Get involved in the conversation.

May Wilkerson May Wilkerson

Video: A History of Dosing Animals With LSD

From the 1930s to the 1970s, scientists tested LSD on a bunch of animals—from spiders to dolphins to elephants. Some had better trips than others.

1 Substance

Ever since LSD was first synthesized in 1938, insects, fish, monkeys, dolphins, and at least one elephant have been dosed with hallucinogenic drugs—all in the name of science. A video from Slate (below) details the history of giving psychedelic drugs to animals, with results ranging from fascinating to tragic to just plain bizarre.

The first critters to take LSD were spiders. Scientists gave them the drug dissolved in sugar water, in order to study its effect on their web-building. Low doses of the drug helped enhance the spiders’ productivity, but when the doses got higher, the webs—unsurprisingly—got really weird (much like the study itself).

In 1964, an aquatic biologist found that giving LSD to fish got them so messed up that some swam backwards and jumped out of the water. A study of reeses monkeys found that, similar to humans, the drug “wreaked havoc” on their short-term memory and color perception. And in his infamous experiments on dolphins in the ’60s, mad scientist John C. Lily reportedly injected the sea mammals with LSD to help them connect with humans (though in one human/dolphin romantic relationship, no LSD was needed). Researchers said the dolphins had “wonderful trips.”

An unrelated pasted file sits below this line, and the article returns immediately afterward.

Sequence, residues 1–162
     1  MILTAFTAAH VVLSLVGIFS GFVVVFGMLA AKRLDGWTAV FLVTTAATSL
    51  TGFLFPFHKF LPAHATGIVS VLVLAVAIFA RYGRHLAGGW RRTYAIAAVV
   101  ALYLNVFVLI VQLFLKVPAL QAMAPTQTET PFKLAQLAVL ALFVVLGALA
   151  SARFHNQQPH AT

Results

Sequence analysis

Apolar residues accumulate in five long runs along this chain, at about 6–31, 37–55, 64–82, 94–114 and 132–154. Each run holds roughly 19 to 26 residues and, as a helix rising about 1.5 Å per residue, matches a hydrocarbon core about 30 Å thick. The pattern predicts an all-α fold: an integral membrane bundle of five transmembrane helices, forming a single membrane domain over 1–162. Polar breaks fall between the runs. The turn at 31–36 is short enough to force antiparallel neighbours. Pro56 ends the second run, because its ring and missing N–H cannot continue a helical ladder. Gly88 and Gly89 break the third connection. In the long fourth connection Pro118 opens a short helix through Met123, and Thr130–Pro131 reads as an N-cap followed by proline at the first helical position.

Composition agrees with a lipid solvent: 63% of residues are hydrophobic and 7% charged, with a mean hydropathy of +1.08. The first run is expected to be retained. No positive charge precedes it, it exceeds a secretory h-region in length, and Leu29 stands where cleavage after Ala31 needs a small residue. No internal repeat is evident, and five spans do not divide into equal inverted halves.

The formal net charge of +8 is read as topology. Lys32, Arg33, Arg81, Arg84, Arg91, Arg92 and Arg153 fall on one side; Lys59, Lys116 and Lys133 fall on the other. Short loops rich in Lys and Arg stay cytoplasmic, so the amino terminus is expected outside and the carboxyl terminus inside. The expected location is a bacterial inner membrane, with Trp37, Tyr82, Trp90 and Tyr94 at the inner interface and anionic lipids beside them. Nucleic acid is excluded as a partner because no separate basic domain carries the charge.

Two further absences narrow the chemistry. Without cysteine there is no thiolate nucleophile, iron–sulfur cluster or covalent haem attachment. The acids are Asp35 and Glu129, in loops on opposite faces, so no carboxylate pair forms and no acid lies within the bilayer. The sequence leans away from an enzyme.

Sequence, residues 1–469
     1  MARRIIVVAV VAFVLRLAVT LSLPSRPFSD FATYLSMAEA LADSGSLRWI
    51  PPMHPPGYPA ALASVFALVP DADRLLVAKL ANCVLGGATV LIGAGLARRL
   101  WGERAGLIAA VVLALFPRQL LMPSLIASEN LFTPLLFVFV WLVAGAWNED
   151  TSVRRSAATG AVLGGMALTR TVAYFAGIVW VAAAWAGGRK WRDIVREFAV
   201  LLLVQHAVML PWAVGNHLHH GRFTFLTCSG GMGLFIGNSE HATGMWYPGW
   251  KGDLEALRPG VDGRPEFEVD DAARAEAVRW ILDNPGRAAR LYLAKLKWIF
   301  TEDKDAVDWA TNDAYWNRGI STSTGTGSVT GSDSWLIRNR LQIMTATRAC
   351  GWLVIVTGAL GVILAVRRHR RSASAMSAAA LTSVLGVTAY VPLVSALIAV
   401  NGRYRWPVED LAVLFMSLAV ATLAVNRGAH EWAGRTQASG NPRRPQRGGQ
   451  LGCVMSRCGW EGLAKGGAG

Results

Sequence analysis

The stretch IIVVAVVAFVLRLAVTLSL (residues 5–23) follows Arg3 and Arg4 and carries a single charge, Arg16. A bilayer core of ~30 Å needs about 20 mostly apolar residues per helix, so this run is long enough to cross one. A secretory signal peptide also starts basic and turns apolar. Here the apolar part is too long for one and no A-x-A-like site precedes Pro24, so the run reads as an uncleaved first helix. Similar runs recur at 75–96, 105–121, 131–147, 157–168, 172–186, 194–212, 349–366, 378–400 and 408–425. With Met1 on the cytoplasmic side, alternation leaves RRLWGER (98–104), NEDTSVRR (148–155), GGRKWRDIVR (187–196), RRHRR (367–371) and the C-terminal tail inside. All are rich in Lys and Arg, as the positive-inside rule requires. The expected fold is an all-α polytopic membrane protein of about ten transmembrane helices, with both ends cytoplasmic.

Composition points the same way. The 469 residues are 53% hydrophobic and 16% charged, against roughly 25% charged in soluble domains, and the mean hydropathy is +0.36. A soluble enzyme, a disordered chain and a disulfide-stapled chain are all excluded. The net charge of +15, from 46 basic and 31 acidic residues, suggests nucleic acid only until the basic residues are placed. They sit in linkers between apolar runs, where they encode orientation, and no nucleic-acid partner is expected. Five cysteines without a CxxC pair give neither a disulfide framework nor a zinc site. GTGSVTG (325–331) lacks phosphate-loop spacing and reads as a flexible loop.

There is no way to know for sure if any of these passive participants enjoyed tripping. But one certainly did not: in 1962, researchers gave LSD to an African elephant in a Chicago zoo to help them learn more about the animals’ mating rituals. The experiment went tragically awry when the elephant had seizures and died.

Since 1970, when LSD became a schedule 1 drug, researchers had to stop dosing animals (at least, on the record). And since the FDA has recently approved the drug again for research purposes, all the test subjects have been human volunteers. This is good news for elephants; and maybe a disappointment for dolphins.